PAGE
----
The development of intersectionality analyses/methods is consistent with critical social theory, but as these methods are spreading across disciplines and professions, they often focus primarily on people's multiple "identities." While people do negotiate multiple social locations and categories, intersectionality is intended to focus on interacting systems of power and oppression, not primarily on identities and individual experiences. Thornton Dill & Kohlman (2012) argue for making a distinction between "strong" and "weak" intersectionality. Weak intersectionality explores differences with little systemic analyses and less attention to the origins of these differences, while "strong" intersectionality focuses on how social systems work and systems of power are "mutually constituted and interdependent." Strong approaches also focus on different types of power (e.g., structural, cultural, disciplinary, interpersonal, Collins & Bilge, 2014), and how mechanisms of oppression may operate differently with different mixes of positionalities and in different contexts.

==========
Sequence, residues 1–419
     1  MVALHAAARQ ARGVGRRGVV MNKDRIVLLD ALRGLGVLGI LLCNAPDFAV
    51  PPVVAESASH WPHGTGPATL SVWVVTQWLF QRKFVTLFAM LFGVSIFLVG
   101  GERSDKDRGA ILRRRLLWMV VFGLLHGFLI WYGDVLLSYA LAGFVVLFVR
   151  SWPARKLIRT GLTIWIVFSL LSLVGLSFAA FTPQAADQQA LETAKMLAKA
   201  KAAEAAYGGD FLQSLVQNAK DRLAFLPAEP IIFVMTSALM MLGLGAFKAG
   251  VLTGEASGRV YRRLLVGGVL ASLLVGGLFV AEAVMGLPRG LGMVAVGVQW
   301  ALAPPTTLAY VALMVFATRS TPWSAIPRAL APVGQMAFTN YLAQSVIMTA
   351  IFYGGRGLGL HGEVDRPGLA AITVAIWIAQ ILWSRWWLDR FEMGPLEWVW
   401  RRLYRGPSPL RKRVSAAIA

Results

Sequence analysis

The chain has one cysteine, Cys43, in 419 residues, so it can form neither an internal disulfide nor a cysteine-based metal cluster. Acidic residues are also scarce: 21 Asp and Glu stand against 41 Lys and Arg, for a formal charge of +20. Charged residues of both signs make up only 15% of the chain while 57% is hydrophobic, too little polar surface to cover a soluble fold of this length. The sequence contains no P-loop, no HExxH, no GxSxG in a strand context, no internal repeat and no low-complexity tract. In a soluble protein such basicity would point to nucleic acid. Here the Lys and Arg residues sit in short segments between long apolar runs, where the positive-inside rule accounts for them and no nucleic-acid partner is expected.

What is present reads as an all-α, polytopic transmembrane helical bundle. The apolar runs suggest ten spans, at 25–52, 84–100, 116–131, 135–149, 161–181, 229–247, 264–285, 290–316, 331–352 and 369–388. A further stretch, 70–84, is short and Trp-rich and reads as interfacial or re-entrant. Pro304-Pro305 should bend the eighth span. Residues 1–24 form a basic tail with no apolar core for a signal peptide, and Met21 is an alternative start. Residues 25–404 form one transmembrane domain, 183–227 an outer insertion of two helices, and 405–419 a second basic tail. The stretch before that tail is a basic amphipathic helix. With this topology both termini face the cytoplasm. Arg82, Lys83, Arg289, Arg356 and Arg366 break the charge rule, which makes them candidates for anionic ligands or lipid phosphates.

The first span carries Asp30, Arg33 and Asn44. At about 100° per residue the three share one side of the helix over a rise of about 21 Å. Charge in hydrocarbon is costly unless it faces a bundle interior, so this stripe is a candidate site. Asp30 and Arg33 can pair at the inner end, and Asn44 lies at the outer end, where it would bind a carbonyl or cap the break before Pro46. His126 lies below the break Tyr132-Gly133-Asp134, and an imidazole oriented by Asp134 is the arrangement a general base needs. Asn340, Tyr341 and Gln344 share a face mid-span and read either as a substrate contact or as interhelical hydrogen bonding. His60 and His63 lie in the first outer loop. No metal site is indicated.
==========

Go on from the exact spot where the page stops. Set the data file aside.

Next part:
This roundtable aims to explore these developments and controversies, and the ensuing range of opportunities and challenges in employing critical intersectionality frameworks and methods and, in particular, implications for social work. The organizers draw on several years of work as participants in the University of Michigan School of Social Work's Critical Intersectionality Learning Community. We explicitly include "critical" in the title to stress intersectionality's origins in critical theory, and emphasize "strong" approaches to intersectionality, and its central role in furthering justice. Drawing from collaborative learning and research across multiple fields using diverse approaches, this roundtable will employ a range of participatory action methods—identifying key questions, strengths, challenges and dilemmas. Specifically, the presenters will first engage in a dialogue regarding what these frameworks are and how have they been implemented. We will then explore with participants the different methodologies/methods that are employed in intersectionality work, and some pros and cons of each. We will end by identifying key issues and controversies and engage participants in generating examples and strategies for navigating these issues. We will draw on examples from our own work (using qualitative, quantitative and participatory, transformative methods), and provide interactive opportunities for participants to identify and share issues from their own work.